# Estimating and Diagnostic Checking in Censored Normal Random Samples

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A random sample of size is simulated from either a normal or scaled distribution with mean 100 and standard deviation 15. It is then left-censored corresponding to a detection level , where is the censor rate and is the inverse normal cumulative distribution function. The plot shows the data quantiles plotted against the corresponding quantiles in a normal distribution with mean and standard deviation , where and are estimates that are initially set to and . We imagine a robust fitting line that passes through the bulk of the points. Then adjusting shifts the location of this line while shifts its slope. By adjusting and dynamically using the controls, we can find parameter values for which the hypothetical line lies on the 45° line. In other words, the bulk of the data will lie on the 45° line.

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Contributed by: Nagham Muslim Mohammad and Ian McLeod (August 2013)

(Department of Statistical and Actuarial Sciences, Western University)

Open content licensed under CC BY-NC-SA

## Snapshots

## Details

Snapshot 1: by using the maximum likelihood estimates (i.e., setting, and ), we can use this plot as a model diagnostic to check the adequacy of the normality assumption; in this case, we conclude the model is adequate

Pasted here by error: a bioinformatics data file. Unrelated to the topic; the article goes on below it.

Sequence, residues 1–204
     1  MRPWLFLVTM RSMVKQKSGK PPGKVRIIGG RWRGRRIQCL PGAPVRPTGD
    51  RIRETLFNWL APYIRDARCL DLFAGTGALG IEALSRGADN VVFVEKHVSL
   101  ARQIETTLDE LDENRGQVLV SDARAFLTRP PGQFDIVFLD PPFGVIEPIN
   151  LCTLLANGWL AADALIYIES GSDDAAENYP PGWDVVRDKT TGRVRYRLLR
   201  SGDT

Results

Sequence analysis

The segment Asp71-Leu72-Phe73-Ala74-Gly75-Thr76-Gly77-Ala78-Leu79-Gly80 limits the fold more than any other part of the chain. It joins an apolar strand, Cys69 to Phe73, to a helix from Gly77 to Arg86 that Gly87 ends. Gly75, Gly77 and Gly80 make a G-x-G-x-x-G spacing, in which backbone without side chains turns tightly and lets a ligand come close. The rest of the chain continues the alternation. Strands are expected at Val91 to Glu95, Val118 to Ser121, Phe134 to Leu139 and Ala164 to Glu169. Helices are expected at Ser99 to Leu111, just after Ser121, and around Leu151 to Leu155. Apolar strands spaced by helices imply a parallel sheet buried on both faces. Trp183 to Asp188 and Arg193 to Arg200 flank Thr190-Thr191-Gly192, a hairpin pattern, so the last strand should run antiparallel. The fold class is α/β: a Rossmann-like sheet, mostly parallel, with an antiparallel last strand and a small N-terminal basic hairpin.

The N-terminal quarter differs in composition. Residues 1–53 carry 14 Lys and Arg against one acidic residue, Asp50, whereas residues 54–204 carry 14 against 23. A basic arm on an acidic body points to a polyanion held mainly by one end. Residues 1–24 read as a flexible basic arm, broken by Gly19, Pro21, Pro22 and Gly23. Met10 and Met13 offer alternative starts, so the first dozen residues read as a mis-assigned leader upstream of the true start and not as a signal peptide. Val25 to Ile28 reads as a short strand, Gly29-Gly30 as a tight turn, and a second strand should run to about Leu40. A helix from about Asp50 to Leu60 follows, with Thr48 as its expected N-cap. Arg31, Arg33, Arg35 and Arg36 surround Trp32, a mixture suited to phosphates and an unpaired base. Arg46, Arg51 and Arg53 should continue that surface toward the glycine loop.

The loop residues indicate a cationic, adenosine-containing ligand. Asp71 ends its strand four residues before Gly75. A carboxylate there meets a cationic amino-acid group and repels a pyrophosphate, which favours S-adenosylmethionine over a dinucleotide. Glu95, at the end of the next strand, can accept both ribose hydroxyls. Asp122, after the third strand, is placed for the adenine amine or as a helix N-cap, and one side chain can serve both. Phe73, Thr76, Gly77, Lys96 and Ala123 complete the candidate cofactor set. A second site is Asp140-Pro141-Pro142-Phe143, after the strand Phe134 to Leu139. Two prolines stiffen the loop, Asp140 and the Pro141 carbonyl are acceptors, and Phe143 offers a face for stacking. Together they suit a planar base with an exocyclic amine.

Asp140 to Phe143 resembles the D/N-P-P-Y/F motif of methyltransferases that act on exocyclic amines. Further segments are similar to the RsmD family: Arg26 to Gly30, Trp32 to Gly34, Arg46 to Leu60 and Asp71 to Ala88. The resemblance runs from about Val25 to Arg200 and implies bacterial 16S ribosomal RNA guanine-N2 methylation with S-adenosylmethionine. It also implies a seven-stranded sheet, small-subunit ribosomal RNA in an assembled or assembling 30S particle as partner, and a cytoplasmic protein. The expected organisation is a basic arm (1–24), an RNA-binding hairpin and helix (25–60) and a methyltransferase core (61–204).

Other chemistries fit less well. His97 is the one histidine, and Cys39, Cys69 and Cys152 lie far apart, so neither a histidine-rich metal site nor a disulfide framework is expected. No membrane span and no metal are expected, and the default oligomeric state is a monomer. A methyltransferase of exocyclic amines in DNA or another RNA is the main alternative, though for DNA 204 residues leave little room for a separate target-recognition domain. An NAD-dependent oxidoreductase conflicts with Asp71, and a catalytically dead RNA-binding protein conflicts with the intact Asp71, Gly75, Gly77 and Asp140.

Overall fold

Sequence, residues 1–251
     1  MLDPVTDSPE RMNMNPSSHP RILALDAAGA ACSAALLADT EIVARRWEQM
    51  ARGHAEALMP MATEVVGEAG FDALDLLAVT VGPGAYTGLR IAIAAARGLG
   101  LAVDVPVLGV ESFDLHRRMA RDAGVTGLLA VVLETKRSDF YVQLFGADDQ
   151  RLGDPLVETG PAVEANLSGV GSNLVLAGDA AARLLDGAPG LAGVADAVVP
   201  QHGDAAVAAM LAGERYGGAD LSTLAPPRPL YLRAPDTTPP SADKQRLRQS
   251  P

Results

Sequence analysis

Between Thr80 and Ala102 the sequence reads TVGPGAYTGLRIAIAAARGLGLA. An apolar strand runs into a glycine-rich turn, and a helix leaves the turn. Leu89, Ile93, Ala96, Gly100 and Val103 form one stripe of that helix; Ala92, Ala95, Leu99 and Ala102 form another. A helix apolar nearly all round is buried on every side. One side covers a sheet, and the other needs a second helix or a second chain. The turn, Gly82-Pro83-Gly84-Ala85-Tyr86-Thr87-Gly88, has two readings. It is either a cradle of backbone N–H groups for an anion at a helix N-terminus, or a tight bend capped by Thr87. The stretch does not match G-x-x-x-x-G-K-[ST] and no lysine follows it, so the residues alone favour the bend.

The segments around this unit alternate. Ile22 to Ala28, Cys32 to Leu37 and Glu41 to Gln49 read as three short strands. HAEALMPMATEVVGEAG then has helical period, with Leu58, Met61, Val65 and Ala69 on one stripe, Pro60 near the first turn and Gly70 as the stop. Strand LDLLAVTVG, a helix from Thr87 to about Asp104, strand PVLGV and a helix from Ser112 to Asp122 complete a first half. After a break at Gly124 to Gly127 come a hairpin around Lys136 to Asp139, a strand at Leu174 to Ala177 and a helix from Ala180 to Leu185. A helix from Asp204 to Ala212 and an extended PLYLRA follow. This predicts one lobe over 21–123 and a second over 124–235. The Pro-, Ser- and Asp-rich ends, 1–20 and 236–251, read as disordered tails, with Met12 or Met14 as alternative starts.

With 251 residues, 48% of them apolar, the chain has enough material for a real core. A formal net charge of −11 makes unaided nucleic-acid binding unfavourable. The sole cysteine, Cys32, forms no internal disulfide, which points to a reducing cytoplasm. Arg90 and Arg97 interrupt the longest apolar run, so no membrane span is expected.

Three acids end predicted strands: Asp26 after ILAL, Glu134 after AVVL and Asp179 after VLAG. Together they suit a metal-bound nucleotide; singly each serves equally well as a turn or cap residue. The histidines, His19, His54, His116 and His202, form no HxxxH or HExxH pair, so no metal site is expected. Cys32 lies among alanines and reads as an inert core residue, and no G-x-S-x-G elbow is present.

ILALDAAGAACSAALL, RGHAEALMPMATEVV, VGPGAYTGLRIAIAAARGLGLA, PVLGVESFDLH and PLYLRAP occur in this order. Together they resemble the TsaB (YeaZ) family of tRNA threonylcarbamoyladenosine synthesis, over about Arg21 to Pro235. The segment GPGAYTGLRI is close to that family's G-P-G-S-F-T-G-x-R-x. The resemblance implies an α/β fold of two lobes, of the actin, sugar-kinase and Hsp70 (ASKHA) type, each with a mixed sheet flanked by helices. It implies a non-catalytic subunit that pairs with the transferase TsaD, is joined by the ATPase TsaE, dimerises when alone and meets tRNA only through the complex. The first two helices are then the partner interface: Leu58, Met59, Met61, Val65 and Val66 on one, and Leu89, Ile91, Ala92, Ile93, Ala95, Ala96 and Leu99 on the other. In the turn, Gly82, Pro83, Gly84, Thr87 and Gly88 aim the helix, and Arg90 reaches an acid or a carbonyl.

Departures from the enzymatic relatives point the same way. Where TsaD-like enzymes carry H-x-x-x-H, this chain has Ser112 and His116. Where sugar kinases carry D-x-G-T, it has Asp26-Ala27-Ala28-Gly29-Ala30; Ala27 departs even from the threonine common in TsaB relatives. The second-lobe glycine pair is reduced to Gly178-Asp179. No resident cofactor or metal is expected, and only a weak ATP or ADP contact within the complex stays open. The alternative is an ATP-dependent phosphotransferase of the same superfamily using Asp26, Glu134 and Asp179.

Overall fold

Snapshot 2: the data was generated from the scaled distribution and is not well fit using the Gaussian MLE

Snapshot 3: a better fit and better estimates of the true parameter values and to the data shown in snapshot 2 are obtained by using the dynamic graph

Gaussian maximum likelihood estimation is often used to estimate the mean and standard deviation in normal random samples [1]. As suggested in [2], the EM algorithm provides an effective algorithm for implementing Gaussian maximum likelihood estimation with censored samples, and this method is used in this Demonstration.

References

[1] M. S. Wolynetz, "Algorithm AS 138: Maximum Likelihood Estimation from Confined and Censored Normal Data," *Journal of the Royal Statistical Society. Series C (Applied Statistics)*, 28(2), 1979 pp. 185–195.

[2] C. R. Robert and G. Casella, *Monte Carlo Statistical Methods*, New York: Springer, 2004.

## Permanent Citation